READ: “Something happened to me on the way to the hospital: my mind split in two.” | “It frightens me a little, to think of all that followed from that choice.” | “you know when you write about food so people think you are really confident around it but buying food in a market or even at a butcher or fishmonger can be this big terrifying encounter where you feel you will definitely get found out…” | Greta Gerwig’s radical confidence. | “… Drabble’s novels make me suspect that the “American” quality I’ve blamed for my sense of isolation on this damp island is, in fact, a distraction from a more common experience of women my age, in any age: there’s a fighting urge to disturb the mold of one’s life, as it sets.” / “You should never”, she said, “compliment an author on a very early book.” | I’m rereading my way through the books Alan Hollinghurst said, at a talk I went to a few weeks ago, shaped him. It was so exciting that they were ALL ON MY SHELF. No wonder I love him so much: Virginia Woolf’s diaries, Put Out More Flags by Evelyn Waugh, What Maudie Knew, Offshore by Penelope Fitzgerald — I think I am forgetting some — and David Szalay’s All That Man Is, which I haven’t read but will.

LOOK: 44-clove garlic soup / I read the Tartine cookbook in a cafe and this winter I will make black garlic. | Kitchen life at @cocoinmykitchen.Chana masala.“If there is even a whiff of professional chef on the plate, your dinner party is off to a lousy start and won’t recuperate.”Audm has audio versions of long stories from The Atlantic, the LRB etc. (It is quite expensive but maybe if you had a lot of housework lined up for a weekend you could get the three day trial.)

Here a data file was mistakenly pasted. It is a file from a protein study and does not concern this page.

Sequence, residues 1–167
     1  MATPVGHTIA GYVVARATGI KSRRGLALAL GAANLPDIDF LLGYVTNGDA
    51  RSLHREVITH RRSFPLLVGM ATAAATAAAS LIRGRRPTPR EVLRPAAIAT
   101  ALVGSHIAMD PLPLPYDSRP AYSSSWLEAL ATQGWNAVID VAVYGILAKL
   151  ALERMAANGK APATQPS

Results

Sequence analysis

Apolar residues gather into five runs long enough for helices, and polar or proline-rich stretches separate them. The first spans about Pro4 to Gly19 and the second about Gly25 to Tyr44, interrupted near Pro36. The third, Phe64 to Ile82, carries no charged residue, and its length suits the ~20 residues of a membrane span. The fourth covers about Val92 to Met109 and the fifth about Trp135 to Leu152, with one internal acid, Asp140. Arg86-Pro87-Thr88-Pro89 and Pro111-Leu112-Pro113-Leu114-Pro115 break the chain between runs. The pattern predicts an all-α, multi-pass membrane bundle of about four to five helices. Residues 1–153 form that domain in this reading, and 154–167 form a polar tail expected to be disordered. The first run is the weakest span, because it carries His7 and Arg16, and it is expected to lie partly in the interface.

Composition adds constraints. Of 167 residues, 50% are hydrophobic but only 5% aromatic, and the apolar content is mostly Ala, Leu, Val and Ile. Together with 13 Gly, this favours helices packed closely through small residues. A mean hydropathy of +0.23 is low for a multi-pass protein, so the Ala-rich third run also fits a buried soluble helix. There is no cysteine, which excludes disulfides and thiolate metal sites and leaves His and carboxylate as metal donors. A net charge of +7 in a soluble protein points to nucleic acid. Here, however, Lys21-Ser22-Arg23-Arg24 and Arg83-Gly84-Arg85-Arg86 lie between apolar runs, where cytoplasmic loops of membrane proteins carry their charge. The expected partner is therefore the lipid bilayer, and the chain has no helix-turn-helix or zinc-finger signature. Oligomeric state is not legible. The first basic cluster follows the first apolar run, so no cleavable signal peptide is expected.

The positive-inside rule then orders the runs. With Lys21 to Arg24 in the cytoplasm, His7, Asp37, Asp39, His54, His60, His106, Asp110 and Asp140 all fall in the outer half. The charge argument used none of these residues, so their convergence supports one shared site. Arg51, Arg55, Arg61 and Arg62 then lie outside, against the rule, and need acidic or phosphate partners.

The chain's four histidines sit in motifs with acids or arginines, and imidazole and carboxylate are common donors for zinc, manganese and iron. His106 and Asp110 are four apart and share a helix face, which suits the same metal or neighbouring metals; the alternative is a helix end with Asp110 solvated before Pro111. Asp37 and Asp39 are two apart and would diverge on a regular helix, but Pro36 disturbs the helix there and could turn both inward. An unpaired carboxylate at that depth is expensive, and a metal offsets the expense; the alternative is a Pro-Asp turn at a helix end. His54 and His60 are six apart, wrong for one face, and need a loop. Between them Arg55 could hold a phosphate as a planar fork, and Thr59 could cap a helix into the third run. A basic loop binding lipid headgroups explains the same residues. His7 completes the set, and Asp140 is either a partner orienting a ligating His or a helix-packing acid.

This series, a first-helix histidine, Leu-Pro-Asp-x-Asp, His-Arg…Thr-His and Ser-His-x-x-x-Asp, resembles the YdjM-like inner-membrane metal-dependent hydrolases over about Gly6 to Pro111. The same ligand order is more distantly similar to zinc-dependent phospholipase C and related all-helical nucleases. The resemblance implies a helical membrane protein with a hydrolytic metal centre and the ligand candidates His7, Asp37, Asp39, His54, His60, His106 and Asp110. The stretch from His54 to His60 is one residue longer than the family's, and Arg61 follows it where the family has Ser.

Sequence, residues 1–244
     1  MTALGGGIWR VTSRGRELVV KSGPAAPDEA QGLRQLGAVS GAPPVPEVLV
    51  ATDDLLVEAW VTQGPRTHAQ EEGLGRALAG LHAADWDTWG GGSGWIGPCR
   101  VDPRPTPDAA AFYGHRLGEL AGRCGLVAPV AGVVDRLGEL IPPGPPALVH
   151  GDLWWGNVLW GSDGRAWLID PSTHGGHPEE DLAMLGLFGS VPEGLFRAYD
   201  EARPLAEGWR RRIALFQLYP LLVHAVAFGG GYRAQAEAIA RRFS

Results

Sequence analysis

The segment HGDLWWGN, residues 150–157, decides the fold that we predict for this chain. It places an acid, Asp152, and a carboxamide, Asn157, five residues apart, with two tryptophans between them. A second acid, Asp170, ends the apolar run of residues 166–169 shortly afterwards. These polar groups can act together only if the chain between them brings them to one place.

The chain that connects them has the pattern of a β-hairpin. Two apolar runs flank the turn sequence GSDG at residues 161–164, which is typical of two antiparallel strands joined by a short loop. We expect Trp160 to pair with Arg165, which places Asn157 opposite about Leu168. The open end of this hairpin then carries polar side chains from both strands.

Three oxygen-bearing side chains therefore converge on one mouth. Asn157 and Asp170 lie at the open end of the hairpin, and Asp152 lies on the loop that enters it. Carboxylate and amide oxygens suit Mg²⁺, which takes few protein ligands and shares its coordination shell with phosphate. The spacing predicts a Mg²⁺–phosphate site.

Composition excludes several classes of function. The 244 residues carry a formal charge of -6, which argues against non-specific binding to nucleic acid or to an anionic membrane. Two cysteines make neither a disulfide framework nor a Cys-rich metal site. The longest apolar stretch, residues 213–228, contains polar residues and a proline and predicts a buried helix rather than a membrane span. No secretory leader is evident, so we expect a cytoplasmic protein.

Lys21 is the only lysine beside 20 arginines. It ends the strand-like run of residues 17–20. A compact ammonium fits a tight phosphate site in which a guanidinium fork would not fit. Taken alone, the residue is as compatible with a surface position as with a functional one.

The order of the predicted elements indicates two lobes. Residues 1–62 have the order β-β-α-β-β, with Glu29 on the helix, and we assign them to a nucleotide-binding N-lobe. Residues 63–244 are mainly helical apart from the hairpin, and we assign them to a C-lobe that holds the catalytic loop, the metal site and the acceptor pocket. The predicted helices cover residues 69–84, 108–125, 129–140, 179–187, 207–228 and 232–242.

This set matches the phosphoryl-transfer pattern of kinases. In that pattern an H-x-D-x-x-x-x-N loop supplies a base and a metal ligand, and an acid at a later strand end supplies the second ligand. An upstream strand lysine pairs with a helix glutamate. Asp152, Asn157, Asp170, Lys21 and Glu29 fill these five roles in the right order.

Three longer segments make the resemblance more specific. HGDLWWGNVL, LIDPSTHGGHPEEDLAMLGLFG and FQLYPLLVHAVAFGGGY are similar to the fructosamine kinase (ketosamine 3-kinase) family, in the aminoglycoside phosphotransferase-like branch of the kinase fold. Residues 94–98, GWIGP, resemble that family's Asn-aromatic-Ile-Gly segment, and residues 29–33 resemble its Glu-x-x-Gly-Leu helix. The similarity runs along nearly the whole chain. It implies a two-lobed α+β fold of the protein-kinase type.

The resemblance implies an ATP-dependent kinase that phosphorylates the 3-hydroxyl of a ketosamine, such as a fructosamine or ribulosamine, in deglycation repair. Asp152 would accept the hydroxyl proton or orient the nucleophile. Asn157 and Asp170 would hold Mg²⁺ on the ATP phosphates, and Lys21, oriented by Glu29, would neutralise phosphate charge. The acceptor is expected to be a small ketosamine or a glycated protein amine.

THINK: “Do not lay your hands on a woman who has said no, or pulled away, or even half-formed an excuse in her beautiful mouth. Did she mumble? Are you frightening her? Is she drunk? Are you drunk? You must ask yourself these questions. Every time. Do not cause harm. Don’t touch us without consent. Don’t sexualise us without consent. Don’t interrupt us. Don’t shout at us. Don’t manipulate us. Don’t demand things you don’t deserve. Don’t prey on women who are sad, or who have low self-esteem, or who are financially beholden to you. Behave better. We can see you.” | How to deal with sexual harassment while it’s happening. | What we lost in the Grenfell Tower fire. | I’m experimenting with how I use my phone, the internet and my time. It’s a constant fine tuning! I’ve done the “little clock by the bed so my phone’s downstairs overnight” thing. I got my most morally upright and disciplined friend to change the password on my Twitter account so I can’t read or post to my timeline. I love the people I follow so much, yet every day a new anxiety bomb would detonate and set my heart racing. I’ll be back at some point obviously, but I chose Sophie as my password custodian because I don’t want to disappoint her.  (Instagram can stay. I mainly get upset by world events; someone having a better day than I am does not hurt me.) “I either lived as a voice online or I lived as a human being in the world that humans had lived in since the beginning of time.